The 1950-60s television courtroom drama, Perry Mason, is said to have been the first detective show to feature either a tape or a chalk outline to mark the spot where a murder victim’s body had been found. The body outline made its first appearance in the episode ‘The case of the perjured parrot’. The writer of the show, Erle Stanley Gardner, had actually used this idea much earlier in the book, ‘Double or quits, which he wrote in 1941 under the pen name A.A.Fair (see Perry Mason TV series).
Ever since then the body outline has not only been used regularly in murder stories and television shows, but it is very often adaptively reused in illustrations alluding to all sorts of crime and fatality. It is a symbol — based on a fiction — that is continually modified, re-invented and re-purposed. We recognise it in newspaper cartoons, TV commercials and political protests and we understand what is meant.
In New York I came across two instances of the symbolic body outline, both associated with the New York Public Library. The first was in an exhibition, Why we fight: remembering AIDS activism, which recently opened at the New York Public Library on Fifth Avenue. One of the exhibits was this poster from the library’s archives. It was produced in 1988 by ACT UP (the AIDS Coalition to Unleash Power), a deliberately confrontational organisation that was formed to challenge government inaction over AIDS.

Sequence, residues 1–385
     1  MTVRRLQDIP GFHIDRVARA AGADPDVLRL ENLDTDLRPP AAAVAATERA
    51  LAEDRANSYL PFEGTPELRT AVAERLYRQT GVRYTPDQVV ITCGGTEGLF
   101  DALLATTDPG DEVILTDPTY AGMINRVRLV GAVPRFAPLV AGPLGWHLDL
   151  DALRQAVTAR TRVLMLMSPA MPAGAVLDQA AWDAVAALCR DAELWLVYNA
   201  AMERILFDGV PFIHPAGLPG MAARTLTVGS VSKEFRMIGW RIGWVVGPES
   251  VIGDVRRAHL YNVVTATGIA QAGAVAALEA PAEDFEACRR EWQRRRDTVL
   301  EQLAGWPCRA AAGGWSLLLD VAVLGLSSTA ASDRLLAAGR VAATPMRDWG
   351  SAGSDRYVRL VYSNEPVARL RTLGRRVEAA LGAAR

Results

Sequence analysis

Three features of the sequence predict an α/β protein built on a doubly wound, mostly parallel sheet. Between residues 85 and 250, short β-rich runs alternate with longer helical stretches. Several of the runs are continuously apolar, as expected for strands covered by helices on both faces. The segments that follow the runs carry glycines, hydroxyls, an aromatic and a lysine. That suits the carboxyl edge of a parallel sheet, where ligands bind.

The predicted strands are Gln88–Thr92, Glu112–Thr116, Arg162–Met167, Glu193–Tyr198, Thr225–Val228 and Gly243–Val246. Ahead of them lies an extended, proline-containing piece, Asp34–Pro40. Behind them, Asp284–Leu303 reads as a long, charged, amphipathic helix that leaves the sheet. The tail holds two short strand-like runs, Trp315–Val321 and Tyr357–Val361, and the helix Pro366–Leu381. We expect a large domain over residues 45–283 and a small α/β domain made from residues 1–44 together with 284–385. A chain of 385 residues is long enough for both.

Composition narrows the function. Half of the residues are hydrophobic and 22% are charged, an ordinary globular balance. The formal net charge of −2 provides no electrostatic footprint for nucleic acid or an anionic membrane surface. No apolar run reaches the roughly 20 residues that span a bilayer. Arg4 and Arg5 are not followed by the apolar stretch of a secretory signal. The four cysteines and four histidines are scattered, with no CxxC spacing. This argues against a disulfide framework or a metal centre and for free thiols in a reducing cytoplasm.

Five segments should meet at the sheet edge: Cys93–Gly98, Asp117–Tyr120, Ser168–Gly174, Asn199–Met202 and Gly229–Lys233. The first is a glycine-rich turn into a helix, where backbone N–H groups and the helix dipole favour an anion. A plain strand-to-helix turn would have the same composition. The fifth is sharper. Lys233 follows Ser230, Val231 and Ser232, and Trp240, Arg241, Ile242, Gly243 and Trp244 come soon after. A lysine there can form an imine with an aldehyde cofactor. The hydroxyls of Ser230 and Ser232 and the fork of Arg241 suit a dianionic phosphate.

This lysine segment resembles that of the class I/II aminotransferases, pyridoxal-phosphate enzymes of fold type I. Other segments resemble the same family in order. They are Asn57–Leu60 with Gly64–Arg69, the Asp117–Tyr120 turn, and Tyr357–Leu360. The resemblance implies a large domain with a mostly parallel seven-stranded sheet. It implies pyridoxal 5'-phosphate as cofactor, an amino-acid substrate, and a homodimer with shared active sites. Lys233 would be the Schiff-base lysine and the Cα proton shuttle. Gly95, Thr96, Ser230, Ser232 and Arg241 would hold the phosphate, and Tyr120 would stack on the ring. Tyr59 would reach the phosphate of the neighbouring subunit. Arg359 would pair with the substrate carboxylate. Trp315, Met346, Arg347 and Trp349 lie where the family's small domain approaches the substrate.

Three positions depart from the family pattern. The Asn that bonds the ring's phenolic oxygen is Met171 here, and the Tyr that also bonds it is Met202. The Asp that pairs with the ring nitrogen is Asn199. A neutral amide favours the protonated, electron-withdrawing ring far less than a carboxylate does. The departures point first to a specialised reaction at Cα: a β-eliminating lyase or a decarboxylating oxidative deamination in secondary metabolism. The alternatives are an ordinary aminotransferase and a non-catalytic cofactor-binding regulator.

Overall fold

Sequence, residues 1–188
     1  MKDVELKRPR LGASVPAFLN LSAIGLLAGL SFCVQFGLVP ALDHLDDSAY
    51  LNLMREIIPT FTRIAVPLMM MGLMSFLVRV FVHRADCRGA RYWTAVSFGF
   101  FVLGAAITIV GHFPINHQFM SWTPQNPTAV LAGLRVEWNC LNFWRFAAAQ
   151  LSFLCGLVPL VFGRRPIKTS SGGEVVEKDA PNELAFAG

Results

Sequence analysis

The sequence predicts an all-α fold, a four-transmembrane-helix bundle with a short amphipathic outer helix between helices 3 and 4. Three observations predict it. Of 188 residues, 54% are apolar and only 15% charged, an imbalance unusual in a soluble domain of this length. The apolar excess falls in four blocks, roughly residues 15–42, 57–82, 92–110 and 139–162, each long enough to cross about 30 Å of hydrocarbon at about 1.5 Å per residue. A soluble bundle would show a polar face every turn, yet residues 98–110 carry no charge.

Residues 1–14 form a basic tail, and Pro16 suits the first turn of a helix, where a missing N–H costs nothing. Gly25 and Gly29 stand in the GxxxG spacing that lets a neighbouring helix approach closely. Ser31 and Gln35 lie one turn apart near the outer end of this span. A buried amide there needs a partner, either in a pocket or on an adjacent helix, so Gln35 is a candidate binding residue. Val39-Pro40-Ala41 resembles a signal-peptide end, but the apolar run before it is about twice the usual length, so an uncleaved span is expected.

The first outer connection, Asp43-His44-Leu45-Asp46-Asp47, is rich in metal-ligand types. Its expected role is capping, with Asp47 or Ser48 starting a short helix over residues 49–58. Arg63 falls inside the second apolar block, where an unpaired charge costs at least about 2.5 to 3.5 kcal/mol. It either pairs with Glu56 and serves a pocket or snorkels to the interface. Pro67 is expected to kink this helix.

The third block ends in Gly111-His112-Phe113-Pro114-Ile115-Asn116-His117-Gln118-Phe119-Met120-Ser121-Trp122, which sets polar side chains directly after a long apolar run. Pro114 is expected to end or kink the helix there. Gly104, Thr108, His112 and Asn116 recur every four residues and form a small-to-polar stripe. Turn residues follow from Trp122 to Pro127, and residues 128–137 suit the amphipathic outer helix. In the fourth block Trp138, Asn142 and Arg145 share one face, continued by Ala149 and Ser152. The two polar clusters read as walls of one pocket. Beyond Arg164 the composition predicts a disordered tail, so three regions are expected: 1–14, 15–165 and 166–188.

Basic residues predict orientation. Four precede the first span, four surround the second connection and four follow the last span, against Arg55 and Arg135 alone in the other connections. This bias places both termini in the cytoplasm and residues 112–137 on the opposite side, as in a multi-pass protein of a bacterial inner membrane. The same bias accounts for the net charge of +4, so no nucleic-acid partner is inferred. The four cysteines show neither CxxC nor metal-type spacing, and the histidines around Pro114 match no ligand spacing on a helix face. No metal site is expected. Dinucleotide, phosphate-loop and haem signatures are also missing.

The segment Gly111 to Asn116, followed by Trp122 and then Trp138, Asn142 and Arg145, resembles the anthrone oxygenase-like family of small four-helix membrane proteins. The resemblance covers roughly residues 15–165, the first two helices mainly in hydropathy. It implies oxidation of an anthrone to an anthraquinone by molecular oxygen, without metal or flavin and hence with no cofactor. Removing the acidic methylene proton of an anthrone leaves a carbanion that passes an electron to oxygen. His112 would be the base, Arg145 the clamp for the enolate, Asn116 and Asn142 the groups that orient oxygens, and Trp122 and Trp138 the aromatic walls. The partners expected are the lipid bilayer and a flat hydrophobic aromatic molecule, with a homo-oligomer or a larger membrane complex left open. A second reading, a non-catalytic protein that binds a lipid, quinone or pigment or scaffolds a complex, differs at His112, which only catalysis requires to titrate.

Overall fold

The other body outline was on one of the plaques along the section of 41st Street known as Library Way. These sidewalk plaques carry inspirational quotes about reading, writing, and literature. The one I photographed reads:
… a great book should leave you with many experiences, and slightly exhausted at the end. You live several lives while reading it. William Styron (1935 – ), Writers at Work.
To me, the embossed illustration on the plaque seems very odd. The reader of the book looks, not exhausted, but dead (presumably in a hiatus between two of those ‘several lives’).